Wikipedia added a useful new feature earlier this week: page previews. The Wikimedia Foundation says that it’s “one of the largest changes to desktop Wikipedia made in recent years,” and provides readers with a pop-up window that provides a bit of additional context for the article behind the link.
Reading through any Wikipedia page can turn into a rabbit hole that can take you to places you never expected. That exploration can be a fun, informative adventure, but it can also be a distraction — especially if the article you click on isn’t actually useful. The new page previews show an image and a couple of sentences that briefly describe the article when you hover your mouse over the link, providing a bit more context for you to decide whether or not you need to click on the link. Clicking on the pop-up will take you to the article in question, and if you move the mouse away, it vanishes.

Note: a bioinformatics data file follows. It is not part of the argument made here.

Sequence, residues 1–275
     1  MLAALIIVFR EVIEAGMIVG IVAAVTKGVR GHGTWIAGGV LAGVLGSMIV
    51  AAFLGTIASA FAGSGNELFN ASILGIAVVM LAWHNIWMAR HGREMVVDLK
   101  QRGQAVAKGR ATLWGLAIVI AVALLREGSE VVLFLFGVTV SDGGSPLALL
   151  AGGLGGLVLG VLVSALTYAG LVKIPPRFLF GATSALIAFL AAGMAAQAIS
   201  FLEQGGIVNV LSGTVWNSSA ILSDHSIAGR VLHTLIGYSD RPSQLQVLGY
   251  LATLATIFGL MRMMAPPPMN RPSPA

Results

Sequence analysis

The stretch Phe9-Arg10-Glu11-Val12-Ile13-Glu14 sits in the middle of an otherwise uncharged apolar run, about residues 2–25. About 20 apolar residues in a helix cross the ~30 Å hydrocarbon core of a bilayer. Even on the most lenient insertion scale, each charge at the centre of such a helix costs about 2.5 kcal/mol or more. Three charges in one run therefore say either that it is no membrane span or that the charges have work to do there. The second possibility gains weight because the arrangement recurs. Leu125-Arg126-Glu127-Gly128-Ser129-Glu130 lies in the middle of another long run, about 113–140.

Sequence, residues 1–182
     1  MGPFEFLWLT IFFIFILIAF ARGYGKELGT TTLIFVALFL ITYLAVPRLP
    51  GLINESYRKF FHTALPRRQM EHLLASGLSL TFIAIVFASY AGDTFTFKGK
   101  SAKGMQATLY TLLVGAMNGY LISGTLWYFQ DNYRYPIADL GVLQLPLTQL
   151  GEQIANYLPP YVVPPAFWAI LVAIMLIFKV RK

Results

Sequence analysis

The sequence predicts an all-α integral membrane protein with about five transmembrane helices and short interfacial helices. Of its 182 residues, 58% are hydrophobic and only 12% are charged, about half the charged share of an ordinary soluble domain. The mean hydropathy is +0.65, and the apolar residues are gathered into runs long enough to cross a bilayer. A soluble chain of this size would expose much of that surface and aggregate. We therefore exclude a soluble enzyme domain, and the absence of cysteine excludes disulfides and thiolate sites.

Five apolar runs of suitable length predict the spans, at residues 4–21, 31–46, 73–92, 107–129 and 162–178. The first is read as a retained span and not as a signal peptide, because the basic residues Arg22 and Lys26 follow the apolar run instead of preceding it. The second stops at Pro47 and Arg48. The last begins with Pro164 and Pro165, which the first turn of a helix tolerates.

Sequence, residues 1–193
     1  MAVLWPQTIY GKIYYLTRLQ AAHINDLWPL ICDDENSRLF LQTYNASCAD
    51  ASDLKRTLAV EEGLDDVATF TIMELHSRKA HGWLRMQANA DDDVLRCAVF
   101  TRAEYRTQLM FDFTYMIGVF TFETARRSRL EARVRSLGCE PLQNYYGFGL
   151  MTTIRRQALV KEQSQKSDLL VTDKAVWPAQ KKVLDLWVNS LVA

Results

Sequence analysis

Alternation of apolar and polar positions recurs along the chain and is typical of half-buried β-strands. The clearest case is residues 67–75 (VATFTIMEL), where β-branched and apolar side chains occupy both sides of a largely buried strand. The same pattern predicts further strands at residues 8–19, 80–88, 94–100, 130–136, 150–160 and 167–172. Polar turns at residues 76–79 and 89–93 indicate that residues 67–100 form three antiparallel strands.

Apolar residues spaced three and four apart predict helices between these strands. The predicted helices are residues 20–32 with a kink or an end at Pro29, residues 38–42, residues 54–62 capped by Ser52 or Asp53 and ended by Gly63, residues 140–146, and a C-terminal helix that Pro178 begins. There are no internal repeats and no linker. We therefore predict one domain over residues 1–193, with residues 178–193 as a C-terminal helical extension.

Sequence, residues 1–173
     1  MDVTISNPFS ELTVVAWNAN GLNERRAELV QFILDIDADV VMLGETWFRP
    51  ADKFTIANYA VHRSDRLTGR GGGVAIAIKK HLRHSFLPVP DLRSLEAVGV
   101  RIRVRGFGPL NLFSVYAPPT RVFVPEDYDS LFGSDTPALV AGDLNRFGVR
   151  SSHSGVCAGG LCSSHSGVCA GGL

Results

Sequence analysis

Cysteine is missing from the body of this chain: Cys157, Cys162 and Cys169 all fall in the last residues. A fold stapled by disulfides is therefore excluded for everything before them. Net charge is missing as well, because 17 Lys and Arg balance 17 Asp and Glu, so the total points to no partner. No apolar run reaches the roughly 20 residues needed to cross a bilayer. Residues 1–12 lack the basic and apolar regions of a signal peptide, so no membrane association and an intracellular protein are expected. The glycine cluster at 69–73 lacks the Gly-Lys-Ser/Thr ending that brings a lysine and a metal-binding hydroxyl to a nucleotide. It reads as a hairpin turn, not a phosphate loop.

Wikimedia says that it’s conducted extensive A/B testing to develop the feature, and found that most users didn’t disable the feature, that “each reader is interacting with the content of more pages while navigating the site,” and that the site’s overall page views have gone down as a result. That appears to mean that users are finding the information on those pop-ups useful, allowing them to engage with more information, all while remaining on fewer pages.
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